Meaning of "ticket to ride"[edit]

While the song lyrics describe a girl "riding out of the life of the narrator",[6] the inspiration of the title phrase is unclear. McCartney said it was "a British Railways ticket to the town of Ryde on the Isle of Wight",[3] and Lennon said it described cards indicating a clean bill of health carried by Hamburg prostitutes in the 1960s.[6] The Beatles played in Hamburg early in their musical career, and "ride/riding" was slang for having sex.

Release[edit]

"Ticket to Ride" was released as a single on 9 April 1965 in the United Kingdom and 19 April in the United States with "Yes It Is" as its B-side,[7] topping the Hot 100 for a week in the US and the UK Singles Chart for three weeks in the UK. The American single's label declared that the song was from the United Artists release Eight Arms to Hold You. This was the original title of the Beatles' second movie; the title changed to Help! after the single was initially released.[8] The song was also included on the Help! album released on 6 August in the UK and on 13 August in the US.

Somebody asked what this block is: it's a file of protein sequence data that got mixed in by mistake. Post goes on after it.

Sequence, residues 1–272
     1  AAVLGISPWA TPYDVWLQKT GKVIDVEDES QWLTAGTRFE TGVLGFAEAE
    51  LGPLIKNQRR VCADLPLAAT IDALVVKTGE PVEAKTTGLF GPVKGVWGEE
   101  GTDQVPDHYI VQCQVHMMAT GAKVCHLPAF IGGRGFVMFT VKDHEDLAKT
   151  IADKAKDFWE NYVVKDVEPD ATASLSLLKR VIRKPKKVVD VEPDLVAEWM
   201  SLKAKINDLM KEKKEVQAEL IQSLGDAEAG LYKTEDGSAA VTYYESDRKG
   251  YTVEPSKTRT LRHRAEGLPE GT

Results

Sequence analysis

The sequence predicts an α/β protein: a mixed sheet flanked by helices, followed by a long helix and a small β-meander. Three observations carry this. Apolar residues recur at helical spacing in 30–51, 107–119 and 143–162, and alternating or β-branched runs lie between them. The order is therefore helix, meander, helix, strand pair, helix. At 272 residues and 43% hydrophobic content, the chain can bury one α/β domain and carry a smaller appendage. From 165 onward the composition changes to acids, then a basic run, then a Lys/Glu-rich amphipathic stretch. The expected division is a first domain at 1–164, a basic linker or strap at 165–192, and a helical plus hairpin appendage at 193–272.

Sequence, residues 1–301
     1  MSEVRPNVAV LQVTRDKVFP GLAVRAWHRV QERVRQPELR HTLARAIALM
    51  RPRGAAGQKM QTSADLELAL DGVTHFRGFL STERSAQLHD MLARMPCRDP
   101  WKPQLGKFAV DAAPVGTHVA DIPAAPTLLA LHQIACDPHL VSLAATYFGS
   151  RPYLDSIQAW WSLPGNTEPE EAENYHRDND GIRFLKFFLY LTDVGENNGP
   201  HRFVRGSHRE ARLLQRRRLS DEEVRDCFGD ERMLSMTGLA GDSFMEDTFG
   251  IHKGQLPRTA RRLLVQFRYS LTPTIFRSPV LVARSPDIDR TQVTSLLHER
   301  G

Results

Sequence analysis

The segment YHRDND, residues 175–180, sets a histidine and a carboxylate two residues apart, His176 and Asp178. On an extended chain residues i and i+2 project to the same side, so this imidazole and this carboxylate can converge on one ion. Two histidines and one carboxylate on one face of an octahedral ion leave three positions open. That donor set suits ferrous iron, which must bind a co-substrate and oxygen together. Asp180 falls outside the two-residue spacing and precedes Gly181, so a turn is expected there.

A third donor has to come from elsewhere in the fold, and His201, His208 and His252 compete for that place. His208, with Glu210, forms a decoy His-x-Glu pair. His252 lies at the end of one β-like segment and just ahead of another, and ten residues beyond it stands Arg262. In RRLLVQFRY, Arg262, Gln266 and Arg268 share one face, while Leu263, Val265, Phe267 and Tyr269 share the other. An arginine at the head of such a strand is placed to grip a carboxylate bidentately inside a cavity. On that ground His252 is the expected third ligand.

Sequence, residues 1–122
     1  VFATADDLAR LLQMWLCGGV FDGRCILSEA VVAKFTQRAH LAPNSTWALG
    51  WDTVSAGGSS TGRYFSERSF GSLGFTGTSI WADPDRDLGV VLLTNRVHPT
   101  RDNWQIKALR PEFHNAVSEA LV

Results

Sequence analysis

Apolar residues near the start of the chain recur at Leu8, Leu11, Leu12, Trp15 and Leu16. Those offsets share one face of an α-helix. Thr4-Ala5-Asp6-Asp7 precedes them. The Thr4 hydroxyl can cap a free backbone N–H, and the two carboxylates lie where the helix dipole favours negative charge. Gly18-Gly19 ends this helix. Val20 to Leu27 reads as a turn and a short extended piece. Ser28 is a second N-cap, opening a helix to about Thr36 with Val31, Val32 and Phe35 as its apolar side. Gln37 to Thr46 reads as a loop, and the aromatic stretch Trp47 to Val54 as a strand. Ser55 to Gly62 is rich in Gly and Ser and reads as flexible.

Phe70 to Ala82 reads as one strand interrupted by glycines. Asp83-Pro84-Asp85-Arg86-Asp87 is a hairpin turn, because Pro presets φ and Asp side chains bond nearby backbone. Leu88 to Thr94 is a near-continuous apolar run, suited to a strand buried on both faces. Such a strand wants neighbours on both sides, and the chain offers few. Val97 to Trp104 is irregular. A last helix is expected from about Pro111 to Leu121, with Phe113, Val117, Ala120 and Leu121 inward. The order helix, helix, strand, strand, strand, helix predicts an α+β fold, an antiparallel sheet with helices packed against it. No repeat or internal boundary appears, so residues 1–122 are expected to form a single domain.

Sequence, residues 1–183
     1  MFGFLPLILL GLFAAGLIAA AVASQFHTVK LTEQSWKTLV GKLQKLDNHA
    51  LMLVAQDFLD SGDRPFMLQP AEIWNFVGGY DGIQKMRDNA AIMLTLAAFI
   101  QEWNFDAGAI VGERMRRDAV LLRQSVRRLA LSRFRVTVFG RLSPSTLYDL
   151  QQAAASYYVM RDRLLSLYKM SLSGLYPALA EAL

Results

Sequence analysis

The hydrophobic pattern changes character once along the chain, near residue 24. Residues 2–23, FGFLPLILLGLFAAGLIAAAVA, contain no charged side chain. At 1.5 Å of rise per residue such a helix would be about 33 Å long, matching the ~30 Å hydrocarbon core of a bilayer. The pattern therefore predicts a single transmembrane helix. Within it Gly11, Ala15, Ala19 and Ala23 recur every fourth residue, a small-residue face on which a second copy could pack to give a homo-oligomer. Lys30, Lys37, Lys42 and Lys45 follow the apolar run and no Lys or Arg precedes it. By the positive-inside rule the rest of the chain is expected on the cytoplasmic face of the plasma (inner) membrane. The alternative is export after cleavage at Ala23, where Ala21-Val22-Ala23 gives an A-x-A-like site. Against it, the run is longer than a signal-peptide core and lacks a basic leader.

The song was the third of six number one singles in a row on the American charts, a record at the time, along with "I Feel Fine", "Eight Days a Week", "Help!", "Yesterday", and "We Can Work It Out".[9]

When the song hit number 1 in the US, the Beatles became the fourth consecutive English group to hold down the top spot, after Freddie and the Dreamers, Wayne Fontana and the Mindbenders, and Herman's Hermits. Thus, the Beatles broke a combined six-week run at the top for Mancunian groups.